Cinema Q Film Festival Casts a Queer Eye on the Year's Best Movies

This is a great time to be gay in America — and if you’re not, it’s an even greater time to sit back and learn about your queer friends and neighbors. Film is the great equalizer, and tomorrow through Sunday, the Denver Film Society’s annual Cinema Q Film Festival at the Sie FilmCenter will share seventeen films and events from around the world, each highlighting a special voice or idea from the diverse spectrum of the LGBTQI rainbow.
With so much good stuff on tap we asked the three individuals behind the Cinema Q programming selections – Ernie Quiroz, Matthew Campbell and Patrick O’Brien – for their top picks from this bountiful, queer crop of cinema.
Back On Board: Greg Louganis
7 p.m. Thursday, July 23 (with Greg Louganis in person)

The opening-night film is particularly noteworthy, as the Olympic-medal-winning star will appear in person, alongside director Cheryl Furjanic, to share more of his life story with the audience. “He battled homophobia, he was HIV-positive, and he never got mainstream recognition. He won four gold medals but never got a Wheaties box!” says Quiroz. “His is a story of hope and triumph, of a struggle to find your identity, of proof that life begins at fifty!” That’s a plot line anyone can relate to.
Portrait Of A Serial Monogamist
7:30 p.m. Friday, July 24 (with the filmmaker in person)

This bouncy and sassy comedy focuses on a woman who might as well be a lesbian Mary Tyler Moore, exploring life and its many foibles. “A fun and light rom-com where the lead happens to be a lesbian,” says Quiroz. “The main character isn't defined by her sexuality; she's someone who's simply looking for love and her sexuality isn't played for laughs or shock.”
Cinema Q Shorts Program
4 p.m. Saturday, July 25

Seven short films offer some bite-size slices of the gay rainbow, including the hilarious Madonna-lovin' short If We Took a Holiday (above). “There's something for everyone!” says Campbell “Drama, lots of comedy, a thriller, heartbreak and animation. Short films are hard to come by outside the festival setting, so be sure to check out this impressive filmmaking.”
Those People
7 p.m. Saturday, July 25

“Mix one part Metropolitan, one part The Dreamers, add a dash of Gossip Girl and shake. At the heart of it all is the idea of what friends and first loves do to us, no matter what life gives or takes away from you,” says O’Brien.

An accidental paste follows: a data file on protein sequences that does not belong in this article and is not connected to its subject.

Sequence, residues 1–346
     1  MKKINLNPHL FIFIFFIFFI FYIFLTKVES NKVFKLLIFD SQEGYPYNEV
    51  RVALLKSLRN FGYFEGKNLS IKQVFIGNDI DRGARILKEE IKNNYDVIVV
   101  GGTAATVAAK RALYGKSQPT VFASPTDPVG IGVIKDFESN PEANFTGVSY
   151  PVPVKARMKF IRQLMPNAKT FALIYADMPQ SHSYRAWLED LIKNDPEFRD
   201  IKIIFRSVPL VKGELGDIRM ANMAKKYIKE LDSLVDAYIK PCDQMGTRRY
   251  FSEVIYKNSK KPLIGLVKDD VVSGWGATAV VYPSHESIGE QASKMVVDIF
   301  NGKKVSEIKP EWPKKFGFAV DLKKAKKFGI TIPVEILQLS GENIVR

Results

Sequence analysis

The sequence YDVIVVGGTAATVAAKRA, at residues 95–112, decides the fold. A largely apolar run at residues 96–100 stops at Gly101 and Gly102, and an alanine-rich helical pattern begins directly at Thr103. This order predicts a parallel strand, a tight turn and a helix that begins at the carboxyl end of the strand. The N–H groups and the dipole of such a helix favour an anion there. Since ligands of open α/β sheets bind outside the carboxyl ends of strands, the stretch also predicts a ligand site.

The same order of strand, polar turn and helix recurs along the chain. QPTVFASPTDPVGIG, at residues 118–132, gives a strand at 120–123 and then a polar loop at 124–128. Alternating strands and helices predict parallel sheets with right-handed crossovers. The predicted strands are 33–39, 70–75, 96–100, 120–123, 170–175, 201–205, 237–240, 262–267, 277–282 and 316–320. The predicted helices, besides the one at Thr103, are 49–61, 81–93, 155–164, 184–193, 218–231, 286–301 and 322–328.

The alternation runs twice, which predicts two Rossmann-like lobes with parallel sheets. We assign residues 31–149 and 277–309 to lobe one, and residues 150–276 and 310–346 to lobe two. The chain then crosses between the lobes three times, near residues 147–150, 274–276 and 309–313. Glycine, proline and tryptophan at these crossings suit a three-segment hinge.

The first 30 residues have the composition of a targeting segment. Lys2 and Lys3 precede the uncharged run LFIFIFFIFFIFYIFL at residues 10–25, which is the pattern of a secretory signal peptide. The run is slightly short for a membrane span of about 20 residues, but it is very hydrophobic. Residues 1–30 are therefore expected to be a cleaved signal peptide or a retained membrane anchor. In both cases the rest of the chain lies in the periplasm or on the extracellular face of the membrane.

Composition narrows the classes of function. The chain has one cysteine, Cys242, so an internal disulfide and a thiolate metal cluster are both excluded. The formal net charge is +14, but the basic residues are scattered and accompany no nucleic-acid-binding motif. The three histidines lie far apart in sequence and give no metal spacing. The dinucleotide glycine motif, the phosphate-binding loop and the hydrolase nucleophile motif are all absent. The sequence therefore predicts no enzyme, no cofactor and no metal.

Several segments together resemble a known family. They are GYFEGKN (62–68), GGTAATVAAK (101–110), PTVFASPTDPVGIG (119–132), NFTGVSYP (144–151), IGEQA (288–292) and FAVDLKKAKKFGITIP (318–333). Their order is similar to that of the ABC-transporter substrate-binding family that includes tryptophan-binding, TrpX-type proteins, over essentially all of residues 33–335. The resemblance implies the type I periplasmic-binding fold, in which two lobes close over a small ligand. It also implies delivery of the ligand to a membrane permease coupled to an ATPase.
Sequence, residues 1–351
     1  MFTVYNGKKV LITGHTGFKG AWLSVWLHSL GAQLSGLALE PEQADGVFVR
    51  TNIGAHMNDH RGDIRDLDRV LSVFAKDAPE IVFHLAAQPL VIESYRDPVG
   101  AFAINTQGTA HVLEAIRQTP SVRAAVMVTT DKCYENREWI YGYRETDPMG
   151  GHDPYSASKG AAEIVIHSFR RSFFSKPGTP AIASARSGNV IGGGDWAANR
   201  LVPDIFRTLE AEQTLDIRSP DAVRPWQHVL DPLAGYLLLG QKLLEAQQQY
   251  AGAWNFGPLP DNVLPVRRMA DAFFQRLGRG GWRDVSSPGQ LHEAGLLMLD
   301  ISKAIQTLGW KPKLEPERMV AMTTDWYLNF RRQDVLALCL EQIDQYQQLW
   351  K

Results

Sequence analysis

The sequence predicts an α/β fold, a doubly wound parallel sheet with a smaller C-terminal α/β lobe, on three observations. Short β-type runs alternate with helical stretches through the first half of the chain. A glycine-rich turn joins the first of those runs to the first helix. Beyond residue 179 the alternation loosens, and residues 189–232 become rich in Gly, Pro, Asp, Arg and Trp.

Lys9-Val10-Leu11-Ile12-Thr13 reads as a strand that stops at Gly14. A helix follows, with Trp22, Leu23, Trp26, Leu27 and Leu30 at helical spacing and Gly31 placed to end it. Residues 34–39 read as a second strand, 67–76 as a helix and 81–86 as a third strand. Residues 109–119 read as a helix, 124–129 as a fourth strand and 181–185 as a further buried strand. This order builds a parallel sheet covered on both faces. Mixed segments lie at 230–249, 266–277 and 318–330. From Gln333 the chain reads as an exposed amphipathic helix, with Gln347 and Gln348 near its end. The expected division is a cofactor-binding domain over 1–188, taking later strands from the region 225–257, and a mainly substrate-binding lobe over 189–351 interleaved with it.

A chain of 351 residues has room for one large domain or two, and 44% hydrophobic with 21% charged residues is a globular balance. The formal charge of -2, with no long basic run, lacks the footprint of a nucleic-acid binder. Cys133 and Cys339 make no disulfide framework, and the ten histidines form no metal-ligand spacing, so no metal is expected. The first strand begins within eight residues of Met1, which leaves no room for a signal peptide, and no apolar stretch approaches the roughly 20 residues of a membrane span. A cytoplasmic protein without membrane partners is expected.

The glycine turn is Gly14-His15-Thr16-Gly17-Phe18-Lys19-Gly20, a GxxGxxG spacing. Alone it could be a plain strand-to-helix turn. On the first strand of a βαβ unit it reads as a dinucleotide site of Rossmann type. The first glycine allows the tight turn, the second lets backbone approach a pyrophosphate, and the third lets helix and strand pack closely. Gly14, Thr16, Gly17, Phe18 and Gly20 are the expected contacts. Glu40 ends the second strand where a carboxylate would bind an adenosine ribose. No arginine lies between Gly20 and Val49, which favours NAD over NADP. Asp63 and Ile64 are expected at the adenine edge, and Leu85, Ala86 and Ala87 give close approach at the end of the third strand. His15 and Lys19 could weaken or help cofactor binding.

Queerbots: The Movie!
8 p.m. Saturday, July 25

Westword’s Best of Denver winner for Best Gay Improv Group hits the big screen…sort of. Chris Parente and Co. bring their off-the-cuff skills to the Sie to skewer a century of film and bust open that celluloid closet. “Every year we get to do something fun with CinemaQ,” says Quiroz. “Something outside the box. Last year it was Top Gun Bingo, this year it’s a movie-themed improv show put on by the Queerbots. The show will go beyond a normal improv show, as it'll take full advantage of being held in a theater with a big screen and killer sound.”
Eat With Me
2 p.m. Sunday, July 26

“This quirky little film is a hoot to watch with all the awkwardness as a gay son and his mom's relationship goes to a new level — and then it’s peppered with the one-liners and observations of the sassy next-door neighbor,” says O’Brien.
The Royal Road with short Washakie and The Boy With the Wet Hands
2:30 p.m. Sunday, July 26

Two films – one set in the East and one set in the West – meet in the middle with their own unique look at our gay past. “The two films complement each other seamlessly,” says Campbell. “Both poetic and personal in nature, yet at the same time diving into history, folklore and classic cinema for a thought-provoking experience.”
Desert Migration
4:15 p.m. Sunday, July 26 (filmmaker in person)

“A gorgeously shot documentary treating the desert landscape with as much emphasis as the subjects,” says Campbell. “I especially respect the even, balanced approach of those who view Palm Springs as both Eden and a wasteland.”

Cinema Q runs from Thursday, July 23 through Sunday, July 26 at the Sie FilmCenter, 2510 East Colfax Avenue; tickets range from $10 to $25, or get a full festival badge for $85 ($70 for DFS members). Visit for more information.

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Keith Garcia is a filmmaker, writer and secret agent looking for love and the perfect slice of pizza. If he looks familiar, it's probably because he introduced a film you watched in Denver sometime between 1996 and 2014.
Contact: Keith Garcia